The government cashed out another winning insurance bailout Wednesday, as the official overseeing the TARP program quit.
Treasury raised $706 million selling warrants to buy common shares in Hartford Financial Services , the insurer that got $3.4 billion in Troubled Asset Relief Program loans in June 2009 and repaid the feds this past March.
TARP borrowers sold Treasury warrants to buy shares within 10 years as a way to offset the risk the government took in extending loans to troubled finance companies, and to allow taxpayers to share the gains of an economic recovery. The warrants have done just that in this case.
“The U.S. taxpayers are likely to realize returns in excess of 20% on the Hartford Insurance investment,” said University of Louisiana Lafayette finance professor Linus Wilson. “That is not bad for government work.”
The Hartford sale comes on the heels of last week’s sale of warrants in Lincoln National , which netted $214 million. The Lincoln and Hartford deals are among Treasury’s better-returning warrant sales, which is a bit of good news for an administration badly in need of economic success stories.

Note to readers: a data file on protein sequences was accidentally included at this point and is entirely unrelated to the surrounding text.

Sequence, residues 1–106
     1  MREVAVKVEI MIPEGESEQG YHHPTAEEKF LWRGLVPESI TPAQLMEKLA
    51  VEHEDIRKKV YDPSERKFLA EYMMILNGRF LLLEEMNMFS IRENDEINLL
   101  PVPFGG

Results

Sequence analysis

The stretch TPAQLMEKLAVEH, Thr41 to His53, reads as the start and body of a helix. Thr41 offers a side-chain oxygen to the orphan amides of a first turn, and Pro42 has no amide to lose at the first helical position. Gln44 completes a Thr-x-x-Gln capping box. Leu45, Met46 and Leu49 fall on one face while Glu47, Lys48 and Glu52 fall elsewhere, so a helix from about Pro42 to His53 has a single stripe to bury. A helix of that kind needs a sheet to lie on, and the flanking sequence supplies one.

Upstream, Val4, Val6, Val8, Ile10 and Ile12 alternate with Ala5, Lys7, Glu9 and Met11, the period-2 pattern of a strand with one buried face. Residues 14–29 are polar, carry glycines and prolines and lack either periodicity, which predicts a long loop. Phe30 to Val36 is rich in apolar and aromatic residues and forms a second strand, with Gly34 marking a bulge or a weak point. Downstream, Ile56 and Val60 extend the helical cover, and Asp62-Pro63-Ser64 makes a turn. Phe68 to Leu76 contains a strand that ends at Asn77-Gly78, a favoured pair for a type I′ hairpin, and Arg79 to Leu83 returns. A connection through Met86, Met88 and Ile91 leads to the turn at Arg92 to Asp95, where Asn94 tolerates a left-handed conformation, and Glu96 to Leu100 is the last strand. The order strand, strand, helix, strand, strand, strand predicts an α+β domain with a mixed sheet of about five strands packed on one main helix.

TARP is due to wind down next month, and the official who has run the program for the past year, Herb Allison said Wednesday he will step aside. Allison defended the heavily criticized TARP program as “remarkably successful.” Though the shortcomings of the government’s approach have been well documented, it is impossible to totally discount Allison’s view given the doomsday predictions that prevailed at the time of its passage.
That said, the Lincoln and Hartford deals leave one big insurer with a big unpaid bailout tab. That, needless to say, is AIG , which still owes tens of billions of dollars and has yet to pay dividends on the government’s preferred stock investment. It would be hard for even the biggest Kool-Aid drinker to sell that one as a success.
Hartford shares fell 2% in early trading Wednesday.